Media Advisory for Wed., Sept. 18, 2019 — L.A. Uber and Lyft Drivers to Celebrate Historic AB5 Law

FOR IMMEDIATE RELEASE, September 18, 2019 – 12:00 PM

Contact: Mike Long, (213) 304-9777

Roxane Marquez, (213) 705-1078



Drivers who traveled nearly 1,000 miles across California to push for passage of AB5 will gather Wednesday to celebrate this milestone victory for gig workers; Drivers laud AB5 as bold first step in combating Uber and Lyft’s continued exploitation and misclassification of drivers, vow to continue fighting for a strong, driver-led union

LOS ANGELES — Uber and Lyft Drivers who participated in the Mobile Workers Alliance rideshare pilgrimage last month will come together to celebrate their movement that helped move AB5 toward becoming law. The celebratory luncheon and media availability on Wednesday will take place in Los Angeles at noon.

Thousands of rideshare drivers from LA came together with drivers from Northern California to push the State Legislature to pass AB 5, which corrects the misclassification of rideshare drivers and greatly expands their employment rights, including a minimum wage, benefits, and basic job protections.

“By coming together thousands of drivers strong, we have been able to send this landmark legislation to the Governor’s desk for signature. By making AB5 the law Governor Gavin Newsom, Assemblywoman Lorena Gonzalez, and the strong majority of legislators have put the California dream closer into reach for us,” said Uber driver Linda Valdivia. “We work long hours, most of us more than five days a week, AB5 takes us a step closer to being able to work hard and care for our families. We celebrate our progress today and know we will need to continue our fight forward to ensure AB5 is implemented and enforced and for a path to a worker-led union.”

In August, hundreds of rideshare drivers from the Los Angeles area traveled nearly 1,000 miles across California in support of AB5, stopping in Delano, Fresno, San Francisco, Oakland and Sacramento. Throughout the journey, drivers demanded that lawmakers both pass the bill, which ends the widespread misclassification of so-called gig workers and entitles them to basic labor rights, and also create a pathway to a union for drivers.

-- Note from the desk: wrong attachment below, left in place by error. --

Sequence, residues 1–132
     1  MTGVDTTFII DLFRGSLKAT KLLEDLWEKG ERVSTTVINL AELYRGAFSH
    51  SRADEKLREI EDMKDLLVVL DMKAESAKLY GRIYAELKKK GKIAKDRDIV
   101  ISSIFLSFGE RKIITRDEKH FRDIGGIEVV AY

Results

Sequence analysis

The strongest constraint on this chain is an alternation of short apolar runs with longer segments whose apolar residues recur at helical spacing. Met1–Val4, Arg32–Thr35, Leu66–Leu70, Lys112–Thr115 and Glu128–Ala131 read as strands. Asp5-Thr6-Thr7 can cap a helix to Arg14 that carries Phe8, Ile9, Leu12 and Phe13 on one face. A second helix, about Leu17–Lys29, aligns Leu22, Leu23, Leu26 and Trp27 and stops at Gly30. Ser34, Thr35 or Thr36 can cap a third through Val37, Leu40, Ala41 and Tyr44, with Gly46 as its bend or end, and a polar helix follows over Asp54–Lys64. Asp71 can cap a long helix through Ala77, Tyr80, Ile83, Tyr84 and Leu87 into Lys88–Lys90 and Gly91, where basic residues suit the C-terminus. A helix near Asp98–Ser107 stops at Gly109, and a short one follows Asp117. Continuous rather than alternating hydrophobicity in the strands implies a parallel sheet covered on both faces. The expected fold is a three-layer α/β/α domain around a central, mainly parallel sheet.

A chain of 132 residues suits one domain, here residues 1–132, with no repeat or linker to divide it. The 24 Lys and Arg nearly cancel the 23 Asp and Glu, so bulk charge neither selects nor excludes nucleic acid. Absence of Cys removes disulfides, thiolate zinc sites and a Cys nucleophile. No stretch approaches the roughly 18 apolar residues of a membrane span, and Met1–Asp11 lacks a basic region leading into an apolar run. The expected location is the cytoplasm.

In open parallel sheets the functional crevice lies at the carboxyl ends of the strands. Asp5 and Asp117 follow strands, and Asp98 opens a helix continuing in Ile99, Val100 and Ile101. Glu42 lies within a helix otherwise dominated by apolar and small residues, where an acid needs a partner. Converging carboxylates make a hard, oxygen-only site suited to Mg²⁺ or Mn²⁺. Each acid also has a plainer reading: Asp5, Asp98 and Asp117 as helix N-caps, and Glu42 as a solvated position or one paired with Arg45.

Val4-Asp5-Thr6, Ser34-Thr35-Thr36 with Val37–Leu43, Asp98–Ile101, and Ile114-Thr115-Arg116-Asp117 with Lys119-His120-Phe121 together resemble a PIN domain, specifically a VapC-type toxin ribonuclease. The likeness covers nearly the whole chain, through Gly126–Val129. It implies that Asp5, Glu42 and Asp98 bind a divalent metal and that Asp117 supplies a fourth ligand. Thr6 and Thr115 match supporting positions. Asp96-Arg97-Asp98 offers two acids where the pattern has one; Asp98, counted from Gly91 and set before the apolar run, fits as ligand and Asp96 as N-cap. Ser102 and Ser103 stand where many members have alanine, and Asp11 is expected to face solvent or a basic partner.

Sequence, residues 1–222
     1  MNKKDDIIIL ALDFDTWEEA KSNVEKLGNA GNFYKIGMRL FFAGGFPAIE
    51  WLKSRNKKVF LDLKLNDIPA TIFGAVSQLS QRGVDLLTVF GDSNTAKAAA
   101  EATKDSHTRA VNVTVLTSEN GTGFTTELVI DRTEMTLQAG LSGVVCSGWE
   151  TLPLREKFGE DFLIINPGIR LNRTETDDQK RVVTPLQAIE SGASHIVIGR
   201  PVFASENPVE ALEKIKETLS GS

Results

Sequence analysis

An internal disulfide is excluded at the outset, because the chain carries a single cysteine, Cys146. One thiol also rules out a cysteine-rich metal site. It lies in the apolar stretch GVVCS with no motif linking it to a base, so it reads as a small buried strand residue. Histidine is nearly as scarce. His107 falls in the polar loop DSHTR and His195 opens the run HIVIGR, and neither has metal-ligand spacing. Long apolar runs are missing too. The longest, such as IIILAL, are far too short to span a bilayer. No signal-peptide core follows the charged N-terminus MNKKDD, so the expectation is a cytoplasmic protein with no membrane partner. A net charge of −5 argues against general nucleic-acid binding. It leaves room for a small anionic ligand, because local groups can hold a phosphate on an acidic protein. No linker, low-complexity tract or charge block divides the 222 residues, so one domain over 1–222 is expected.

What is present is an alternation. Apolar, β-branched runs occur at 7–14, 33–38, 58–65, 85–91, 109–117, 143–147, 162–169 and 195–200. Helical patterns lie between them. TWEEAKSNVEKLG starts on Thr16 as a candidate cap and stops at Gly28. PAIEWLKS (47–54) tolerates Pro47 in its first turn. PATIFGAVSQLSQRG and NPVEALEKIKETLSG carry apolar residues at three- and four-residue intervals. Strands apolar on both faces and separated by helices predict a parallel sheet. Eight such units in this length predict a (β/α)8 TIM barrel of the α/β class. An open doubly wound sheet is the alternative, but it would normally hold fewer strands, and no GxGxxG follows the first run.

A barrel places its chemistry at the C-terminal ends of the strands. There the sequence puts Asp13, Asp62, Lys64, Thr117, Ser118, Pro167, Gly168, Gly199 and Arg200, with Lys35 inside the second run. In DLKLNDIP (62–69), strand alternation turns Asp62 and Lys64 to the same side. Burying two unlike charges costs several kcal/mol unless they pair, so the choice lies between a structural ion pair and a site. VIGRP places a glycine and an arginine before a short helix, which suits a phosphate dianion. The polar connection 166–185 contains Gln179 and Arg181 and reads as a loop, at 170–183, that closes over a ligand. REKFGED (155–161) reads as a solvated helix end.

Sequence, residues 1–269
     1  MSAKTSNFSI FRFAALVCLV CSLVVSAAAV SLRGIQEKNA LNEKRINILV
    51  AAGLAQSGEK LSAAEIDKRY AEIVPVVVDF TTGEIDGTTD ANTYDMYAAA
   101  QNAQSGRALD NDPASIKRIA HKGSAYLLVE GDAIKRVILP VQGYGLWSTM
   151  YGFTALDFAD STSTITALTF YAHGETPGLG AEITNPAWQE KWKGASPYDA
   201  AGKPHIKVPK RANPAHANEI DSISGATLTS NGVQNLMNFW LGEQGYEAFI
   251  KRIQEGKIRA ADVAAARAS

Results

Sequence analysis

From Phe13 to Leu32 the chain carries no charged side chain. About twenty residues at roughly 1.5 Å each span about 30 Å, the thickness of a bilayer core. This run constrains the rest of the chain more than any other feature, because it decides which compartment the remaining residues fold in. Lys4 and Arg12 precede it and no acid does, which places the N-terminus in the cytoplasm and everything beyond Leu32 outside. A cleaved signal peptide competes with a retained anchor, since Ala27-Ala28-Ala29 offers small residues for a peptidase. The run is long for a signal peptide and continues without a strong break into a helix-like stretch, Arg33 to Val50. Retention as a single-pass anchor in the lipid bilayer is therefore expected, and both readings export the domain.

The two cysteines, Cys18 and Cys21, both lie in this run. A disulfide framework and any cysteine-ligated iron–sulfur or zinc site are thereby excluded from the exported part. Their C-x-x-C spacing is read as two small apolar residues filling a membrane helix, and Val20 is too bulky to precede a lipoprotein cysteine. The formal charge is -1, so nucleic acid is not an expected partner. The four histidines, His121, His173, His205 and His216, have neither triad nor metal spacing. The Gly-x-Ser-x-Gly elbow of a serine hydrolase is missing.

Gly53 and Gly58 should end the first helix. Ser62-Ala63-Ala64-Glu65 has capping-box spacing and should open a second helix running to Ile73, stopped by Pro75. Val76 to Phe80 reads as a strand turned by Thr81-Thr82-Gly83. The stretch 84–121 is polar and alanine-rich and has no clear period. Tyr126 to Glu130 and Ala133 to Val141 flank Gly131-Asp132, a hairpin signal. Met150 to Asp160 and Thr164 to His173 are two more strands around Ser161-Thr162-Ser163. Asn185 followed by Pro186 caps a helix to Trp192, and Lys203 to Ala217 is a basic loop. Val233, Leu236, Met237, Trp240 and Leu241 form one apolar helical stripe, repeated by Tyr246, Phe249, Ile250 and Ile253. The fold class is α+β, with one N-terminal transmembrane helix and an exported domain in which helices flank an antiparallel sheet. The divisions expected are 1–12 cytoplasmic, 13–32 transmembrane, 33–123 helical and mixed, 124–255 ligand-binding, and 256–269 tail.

“For workers like us, who have no basic pay or protections AB 5 becoming law is an historic victory and a path to something real that is better than the status quo,” said Mike Robinson. “While Uber and Lyft continue to find ways to avoid laws protecting workers and taxpayers, we are laser focused on growing our movement to make sure AB5 is implemented and enforced to give us the change we need. Across the Golden state we will continue to push for the state, cities, and labor to work together to hold these billion-dollar bullies accountable and to deliver gig workers the same protections afforded to other workers in California.

At the luncheon, drivers will speak about their movement and discuss how they can continue organizing and speaking out to fight back against Uber and Lyft’s attempts to upend AB5 and to achieve union rights for gig workers.


WHAT:          Media availability and luncheon with Mobile Workers Alliance drivers celebrating passage of AB 5

WHO:             Uber and Lyft drivers who have been organizing for AB5 and for a path to a worker-led union

WHEN:          Wednesday, September 18, 2019 12:00 PM to 1:30 PM

WHERE:       Panaderia y Restaurante Chapines, 1520 W. 7th St., Los Angeles, CA 90017

VISUALS:     Uber and Lyft drivers celebrating and delivering remarks on the passage of AB5, pro-union signage and banners



Rideshare drivers throughout California and in Los Angeles County have been organizing for living wages, benefits, and the right to form a union at the same time as Assembly Bill (AB-5) made its way through the State Legislature. AB-5, authored by Assemblywoman Lorena Gonzalez and championed by the Mobile Workers Alliance, corrects the misclassification of rideshare drivers and greatly expands their employment rights, including a minimum wage, benefits, and basic job protections. Drivers have urged state lawmakers to take even further action to ensure drivers secure a pathway to collectively bargain with Uber and Lyft through a driver-led union consistently through the 2018-2019 Legislative Session.

The motor pilgrimage followed shortly on the heels of MWA drivers compelling the City of El Monte to become the first City in the United States to move forward to a $30/hr wage for Uber and Lyft drivers. AB 5 will correct the classification of rideshare drivers and make it clear that they are subject to California wage and hour laws. A recent study on rideshare drivers conducted by the UCLA Labor Center pegged the average hourly wage for Uber drivers at $9.21 after driving expenses—an amount far below LA County’s minimum wage.

Assembly Bill 5 mandates that gig companies correctly classify drivers as employees. The bill has been met with open resistance by Uber and Lyft, as well as the California Chamber of Commerce, while driver organizing groups like Mobile Workers Alliance and Gig Workers Rising have been campaigning across the state in support of the bill.

When the bill passed the state senate, Uber legal spokesperson Tony West publicly declared that his company had no intention of reclassifying drivers and claimed that they are not part of the company’s “usual course” of business.


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